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Remember, we have an educational background in flood mitigation which lets us help you understand your flood risks, flood policy, and mitigating your property long-term.

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Since the beginning of time, we were always accustomed to thinking that fire and water can only destroy one another. What if I told you that in the case of California, fires actually worsen the amount of water that we get when there's flooding.

Today, we want to discuss how these fires in California have been impacting the flooding on the west coast and communities can best prepare themselves for this type of condition.

How Do the California Fires Impact Flooding?

Fire and Floodwater in California

If you told people outside of the west coast that fires and drought can lead to worse floods, some might find it hard to believe however this is the perfect cocktail that's been ravaging the western areas of the country and most specifically California.

At the time of writing, a bomb cyclone and atmospheric rivers caused a lot of flash floods, toxic runoff, rockslides, and mudslides after a significant amount of rain was dumped in the area. We've covered this topic in our previous blog. What we want to focus on is how even in recent times, this tag team of wildfire and floods are causing a lot of trouble in California.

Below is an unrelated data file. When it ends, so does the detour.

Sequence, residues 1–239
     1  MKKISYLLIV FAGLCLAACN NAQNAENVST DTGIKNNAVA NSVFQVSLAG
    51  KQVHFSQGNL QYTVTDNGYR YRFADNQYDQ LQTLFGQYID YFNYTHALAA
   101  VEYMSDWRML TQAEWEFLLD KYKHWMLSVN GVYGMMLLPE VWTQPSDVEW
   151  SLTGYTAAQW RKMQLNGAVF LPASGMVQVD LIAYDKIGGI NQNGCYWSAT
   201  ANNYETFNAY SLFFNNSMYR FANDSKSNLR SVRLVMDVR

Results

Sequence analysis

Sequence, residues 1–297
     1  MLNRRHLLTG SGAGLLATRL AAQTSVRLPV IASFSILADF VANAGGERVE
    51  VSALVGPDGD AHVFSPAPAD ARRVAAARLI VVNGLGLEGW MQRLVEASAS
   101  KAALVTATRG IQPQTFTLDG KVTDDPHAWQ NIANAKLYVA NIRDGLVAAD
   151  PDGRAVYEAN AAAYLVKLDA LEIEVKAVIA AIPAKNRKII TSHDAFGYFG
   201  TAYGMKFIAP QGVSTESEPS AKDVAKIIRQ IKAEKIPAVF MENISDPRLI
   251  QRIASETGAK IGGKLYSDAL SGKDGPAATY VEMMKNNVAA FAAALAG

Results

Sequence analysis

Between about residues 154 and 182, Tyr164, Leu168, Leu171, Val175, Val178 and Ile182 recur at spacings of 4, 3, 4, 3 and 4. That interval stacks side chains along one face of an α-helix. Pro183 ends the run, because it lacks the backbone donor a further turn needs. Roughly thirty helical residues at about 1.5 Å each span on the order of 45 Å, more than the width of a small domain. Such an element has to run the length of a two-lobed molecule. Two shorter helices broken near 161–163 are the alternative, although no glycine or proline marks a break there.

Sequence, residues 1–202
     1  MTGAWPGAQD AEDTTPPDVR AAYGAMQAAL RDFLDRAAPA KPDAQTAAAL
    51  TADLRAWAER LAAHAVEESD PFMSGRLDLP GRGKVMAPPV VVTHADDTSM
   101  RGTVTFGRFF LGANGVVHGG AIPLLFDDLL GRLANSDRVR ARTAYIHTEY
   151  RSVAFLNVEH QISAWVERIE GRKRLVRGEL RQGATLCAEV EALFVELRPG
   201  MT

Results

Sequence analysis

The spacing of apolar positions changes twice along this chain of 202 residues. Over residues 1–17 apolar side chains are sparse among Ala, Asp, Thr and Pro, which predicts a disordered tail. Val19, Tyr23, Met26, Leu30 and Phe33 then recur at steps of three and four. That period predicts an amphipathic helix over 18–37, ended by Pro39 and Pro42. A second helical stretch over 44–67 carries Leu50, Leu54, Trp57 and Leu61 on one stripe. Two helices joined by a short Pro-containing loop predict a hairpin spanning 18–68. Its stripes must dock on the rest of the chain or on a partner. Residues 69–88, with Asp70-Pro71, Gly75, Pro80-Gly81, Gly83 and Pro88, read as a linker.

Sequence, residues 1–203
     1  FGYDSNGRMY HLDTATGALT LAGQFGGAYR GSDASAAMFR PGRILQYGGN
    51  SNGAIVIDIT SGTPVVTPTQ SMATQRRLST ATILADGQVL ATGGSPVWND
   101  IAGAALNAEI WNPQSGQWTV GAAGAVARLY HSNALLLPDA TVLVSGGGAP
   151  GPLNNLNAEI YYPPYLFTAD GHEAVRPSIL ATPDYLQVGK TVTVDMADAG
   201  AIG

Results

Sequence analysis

How Do the California Fires Impact Flooding?

If we look back in 2018, Butte County and Los Angeles were hit with 1 and a half inches of rain which is fairly common anywhere else, but this was enough to cause catastrophic flooding. How did that relatively small amount of rainfall be enough to cause floods?

Well, at the time that this happened, California's soil was badly scarred by the deadliest wildfire in history. The flood was due to the fact that the soil in the area was totally incapable of holding any of that water so it just caused all of the debris to flow into nearby areas.